> "If you love something write it in C; If it compiles, it is yours; If it
> doesn't, it never was."



Wed, 09 Feb 2005 01:45:06 GMT  
 String Parsing

Quote:

>I am trying to parse a string that is something like this:

>001204 HOURLY OBSERVATION                         50.22     CODE TABLE

>I want to parse the string up into a interger and tree substrings.  

>interger = 001204
>string 1 = HOURLY OBSERVATION
>string 2 = 50.22
>string 3 = CODE TABLE

>Now I know that string1 can be a most 42 characters long, string2 at
>most 10 characters long and string3 at most 11 characters long.  

>I've tried using sscanf for something like this:

>sscanf(lineBufr, "%6d %42[^\n]s %10[^\n]s %11[^n]s", &bufrCode, messBufrOne,
>        messBufrTwo, messBufrThree);

Something *like* that, or *exactly* that?

If you used *exactly* that format string, then this:

Quote:
>I am only getting bufrCode and messBufrOne properly.  For some reason the
>other strings aren't being read in.  

is no surprise, because the directive "%42[^\n]s" means:

    Match at least one but no more than 42 characters that
    are in the (inverted) scanset [^\n], i.e., are not newlines.
    If that succeeds, store the matched characters via the
    supplied "char *" pointer and continue, otherwise stop
    with a matching or input failure as appropriate.

    Next, match a literal 's'.  If that fails, stop with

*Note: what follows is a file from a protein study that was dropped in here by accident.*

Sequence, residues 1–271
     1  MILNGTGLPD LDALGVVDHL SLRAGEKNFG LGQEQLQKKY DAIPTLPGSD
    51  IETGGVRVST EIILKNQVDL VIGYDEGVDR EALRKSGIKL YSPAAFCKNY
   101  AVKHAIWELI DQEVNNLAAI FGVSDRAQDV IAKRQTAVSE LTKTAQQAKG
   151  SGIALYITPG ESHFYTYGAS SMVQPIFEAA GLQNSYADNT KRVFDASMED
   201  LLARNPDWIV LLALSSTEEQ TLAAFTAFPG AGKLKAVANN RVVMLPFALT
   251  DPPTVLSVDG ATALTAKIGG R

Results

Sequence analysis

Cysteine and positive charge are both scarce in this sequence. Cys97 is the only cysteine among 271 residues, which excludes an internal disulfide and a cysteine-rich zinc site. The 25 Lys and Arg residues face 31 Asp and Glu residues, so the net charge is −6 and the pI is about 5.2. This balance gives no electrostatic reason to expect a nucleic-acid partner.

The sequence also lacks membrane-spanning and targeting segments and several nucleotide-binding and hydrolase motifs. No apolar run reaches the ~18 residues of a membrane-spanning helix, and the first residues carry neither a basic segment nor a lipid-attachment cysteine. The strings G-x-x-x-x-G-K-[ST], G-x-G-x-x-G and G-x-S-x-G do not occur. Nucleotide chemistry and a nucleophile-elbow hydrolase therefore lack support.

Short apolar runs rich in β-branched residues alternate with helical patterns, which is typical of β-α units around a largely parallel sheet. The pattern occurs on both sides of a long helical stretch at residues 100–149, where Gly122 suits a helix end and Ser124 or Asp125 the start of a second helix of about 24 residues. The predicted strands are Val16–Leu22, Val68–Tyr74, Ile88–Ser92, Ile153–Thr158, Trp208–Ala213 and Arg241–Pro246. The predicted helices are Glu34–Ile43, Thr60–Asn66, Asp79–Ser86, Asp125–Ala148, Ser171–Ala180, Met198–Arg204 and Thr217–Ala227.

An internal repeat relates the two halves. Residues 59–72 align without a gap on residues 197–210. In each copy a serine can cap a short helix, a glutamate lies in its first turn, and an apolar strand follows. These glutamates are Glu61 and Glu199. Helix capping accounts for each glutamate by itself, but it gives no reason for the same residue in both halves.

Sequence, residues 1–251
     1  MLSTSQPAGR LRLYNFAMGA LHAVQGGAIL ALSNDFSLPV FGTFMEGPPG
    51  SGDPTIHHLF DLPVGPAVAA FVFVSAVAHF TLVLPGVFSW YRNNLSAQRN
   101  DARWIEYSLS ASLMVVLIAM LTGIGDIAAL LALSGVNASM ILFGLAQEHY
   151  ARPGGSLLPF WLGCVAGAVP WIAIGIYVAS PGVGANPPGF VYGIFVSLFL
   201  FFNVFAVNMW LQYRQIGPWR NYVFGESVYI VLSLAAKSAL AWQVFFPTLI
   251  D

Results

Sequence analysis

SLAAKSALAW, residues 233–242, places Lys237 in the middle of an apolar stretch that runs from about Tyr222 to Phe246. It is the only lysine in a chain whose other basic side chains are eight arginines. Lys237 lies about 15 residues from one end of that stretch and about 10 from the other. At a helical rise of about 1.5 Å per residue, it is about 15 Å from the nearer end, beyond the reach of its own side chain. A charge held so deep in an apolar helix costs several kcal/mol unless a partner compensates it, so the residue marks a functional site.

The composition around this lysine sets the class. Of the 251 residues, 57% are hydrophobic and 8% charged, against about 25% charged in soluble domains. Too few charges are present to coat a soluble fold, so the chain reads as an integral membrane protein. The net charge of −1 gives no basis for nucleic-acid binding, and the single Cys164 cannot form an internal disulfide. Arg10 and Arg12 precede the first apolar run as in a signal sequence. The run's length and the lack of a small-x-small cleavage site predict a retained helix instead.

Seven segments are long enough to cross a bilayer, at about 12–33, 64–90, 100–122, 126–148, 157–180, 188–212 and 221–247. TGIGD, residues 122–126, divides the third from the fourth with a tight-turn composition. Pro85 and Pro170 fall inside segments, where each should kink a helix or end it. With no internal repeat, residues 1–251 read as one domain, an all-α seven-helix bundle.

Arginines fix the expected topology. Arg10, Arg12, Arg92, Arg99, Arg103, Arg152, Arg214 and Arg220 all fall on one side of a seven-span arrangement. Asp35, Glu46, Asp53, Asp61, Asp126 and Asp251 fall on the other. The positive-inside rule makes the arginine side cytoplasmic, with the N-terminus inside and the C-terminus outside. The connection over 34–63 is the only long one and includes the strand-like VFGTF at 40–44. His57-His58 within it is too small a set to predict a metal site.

a matching or input failure as appropriate.

Since there is no literal 's' in the example input -- given the
above, the "scan cursor" is at this poit on a single blank --
sscanf() must stop with a matching failure, and thus return 2.

Quote:
>Does anyone know a way to do this using sscanf or another way?

You are quite close; if you remove the "s"s following the scansets,
and fix the last scanset (which scans things that are not 'n's
rather than things that are not '\n's), it should work.  (Perhaps
by luck: the " " directives in your format string mean "match zero
or more whitespace characters", rather than "match exactly one
literal blank".  The first two " " directives will match one
blank each in this case, and the last -- in "%10[^\n] %11[^\n]"
-- would match none.)

Note, by the way, that scanning 42 non-newline characters with
"%42[^\n]" will write *43* bytes (not 42) to messBufrOne[0] through
messBufrOne[42] respectively, of which most will be trailing
blanks.  Chances are good that you will want to strip the trailing
blanks eventually.

Scanf, even in its semi-tamed "sscanf" form, is always something
of a wild beast, and tends to{*filter*}the programmer the moment he
stops paying strict attention.  For reading fixed-column input,